Posted: Fri 29th Jan 2021

Phased return for primary schools could happen after half-term with some flexibility for local ‘circumstances’

News and Info from Deeside, Flintshire, North Wales
This article is old - Published: Friday, Jan 29th, 2021

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Primary school children across Wales could begin a phased return to school after half-term if Covid infections rates continue to fall.

However if rates remain high in certain areas some “flexibility may be necessary to allow local authorities to respond to the individual circumstances they face.”

First Minister Mark Drakeford confirmed the alert level four lockdown restrictions will remain in place in Wales for the next three weeks, following a review of the measures.

During the current lockdown period schools and colleges have remained open for children of critical workers and vulnerable learners, for others schooling has taken place at home.

Welsh Government said it will be working with schools and education partners “on a phased and flexible return to school after 22 February, if the public health situation continues to improve”.

Students studying vocational qualifications will also be among those prioritised for the phased return to colleges.

First Minister Mark Drakeford said: “We are making steady progress in bringing coronavirus under control once again. Every day, the vaccination programme is speeding up as more people are vaccinated and more clinics open.

“Each vaccine is another small victory against the virus.

“We’ve seen a really welcome fall in cases of the virus all over Wales, but they are still too high and the NHS continues to be under intense pressure.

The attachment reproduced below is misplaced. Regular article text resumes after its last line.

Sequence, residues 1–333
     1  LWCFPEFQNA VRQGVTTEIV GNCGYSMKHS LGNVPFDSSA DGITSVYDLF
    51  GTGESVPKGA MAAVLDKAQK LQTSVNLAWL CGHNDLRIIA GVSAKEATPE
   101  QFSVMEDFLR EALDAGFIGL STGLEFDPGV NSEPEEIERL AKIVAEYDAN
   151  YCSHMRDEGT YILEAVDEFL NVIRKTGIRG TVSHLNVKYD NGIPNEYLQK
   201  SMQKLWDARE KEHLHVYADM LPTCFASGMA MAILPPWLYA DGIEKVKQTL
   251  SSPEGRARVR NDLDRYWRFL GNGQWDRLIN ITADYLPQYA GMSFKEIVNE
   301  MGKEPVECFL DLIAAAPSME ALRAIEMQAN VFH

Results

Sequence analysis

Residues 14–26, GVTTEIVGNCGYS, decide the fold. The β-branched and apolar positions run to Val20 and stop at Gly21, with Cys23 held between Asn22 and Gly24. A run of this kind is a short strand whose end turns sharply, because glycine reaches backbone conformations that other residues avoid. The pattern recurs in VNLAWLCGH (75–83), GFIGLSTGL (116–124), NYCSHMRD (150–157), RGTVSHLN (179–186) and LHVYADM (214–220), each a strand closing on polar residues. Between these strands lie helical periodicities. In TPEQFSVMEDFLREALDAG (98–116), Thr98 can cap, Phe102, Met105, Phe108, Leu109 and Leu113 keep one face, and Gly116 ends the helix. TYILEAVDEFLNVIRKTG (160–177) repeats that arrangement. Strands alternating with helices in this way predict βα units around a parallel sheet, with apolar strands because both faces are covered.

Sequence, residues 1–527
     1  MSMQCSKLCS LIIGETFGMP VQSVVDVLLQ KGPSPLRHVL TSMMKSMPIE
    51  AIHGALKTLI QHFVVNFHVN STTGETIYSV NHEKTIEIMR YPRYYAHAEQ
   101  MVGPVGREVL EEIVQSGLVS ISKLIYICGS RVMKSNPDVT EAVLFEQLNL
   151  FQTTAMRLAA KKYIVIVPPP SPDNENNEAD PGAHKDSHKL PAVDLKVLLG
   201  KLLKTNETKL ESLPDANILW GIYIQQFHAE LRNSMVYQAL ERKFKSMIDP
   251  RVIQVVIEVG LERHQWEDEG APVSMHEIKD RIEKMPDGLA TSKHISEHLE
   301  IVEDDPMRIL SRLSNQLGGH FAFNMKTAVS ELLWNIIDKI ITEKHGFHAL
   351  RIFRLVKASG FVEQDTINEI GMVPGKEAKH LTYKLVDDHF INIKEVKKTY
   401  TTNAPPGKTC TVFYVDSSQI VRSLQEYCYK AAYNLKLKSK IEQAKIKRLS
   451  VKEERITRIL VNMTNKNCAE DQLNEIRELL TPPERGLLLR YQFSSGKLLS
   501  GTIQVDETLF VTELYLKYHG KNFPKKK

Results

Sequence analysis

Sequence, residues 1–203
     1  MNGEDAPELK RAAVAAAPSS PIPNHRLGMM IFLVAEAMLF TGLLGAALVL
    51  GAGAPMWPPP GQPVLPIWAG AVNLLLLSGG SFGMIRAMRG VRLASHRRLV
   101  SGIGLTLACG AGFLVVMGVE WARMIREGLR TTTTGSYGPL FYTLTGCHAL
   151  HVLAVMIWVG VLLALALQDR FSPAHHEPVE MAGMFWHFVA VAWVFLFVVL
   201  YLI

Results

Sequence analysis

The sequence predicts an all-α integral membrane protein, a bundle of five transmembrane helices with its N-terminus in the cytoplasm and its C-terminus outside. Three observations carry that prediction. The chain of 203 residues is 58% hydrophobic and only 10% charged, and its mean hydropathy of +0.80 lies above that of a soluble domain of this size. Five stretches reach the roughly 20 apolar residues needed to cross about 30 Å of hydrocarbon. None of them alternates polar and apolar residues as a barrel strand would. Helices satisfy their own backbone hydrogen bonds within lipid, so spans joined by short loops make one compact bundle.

“We need to keep the lockdown restrictions in place for a little while longer to help us bring rates of the virus down further. If we can do this, we will create the headroom we need to get children back to school after half term – starting with the youngest at primary schools

“We will work with teachers, colleges, local authorities to plan for the safe return of children to school over the next couple of weeks and keep parents updated.”

Although rates of coronavirus across Wales have fallen below 200 cases per 100,000 people for the first time since early November, north east Wales continues to see a higher than Wales average in its rolling seven day average.

The seven day infection rate in Flintshire is the second highest in Wales according Public Health Wales data, it stands at 334 per 100,000 population as of January 24, nearly double that of the all Wales figure of 177 per 100,000.

Asked today whether a return to schools would be Wales wide or on a more local level, depending on case rates, the first minister said that whilst he would prefer a “common approach” across Wales, “some flexibility maybe needed”.

He said: “I’ve been careful to use the terms flexible and phased this morning, and some flexibility may be necessary to allow local authorities to respond to the individual circumstances they face.

“That will be exactly what we did back in September when we allowed the first two weeks of the autumn term to be a build up and different local authorities approaches that in different ways depending on their circumstances.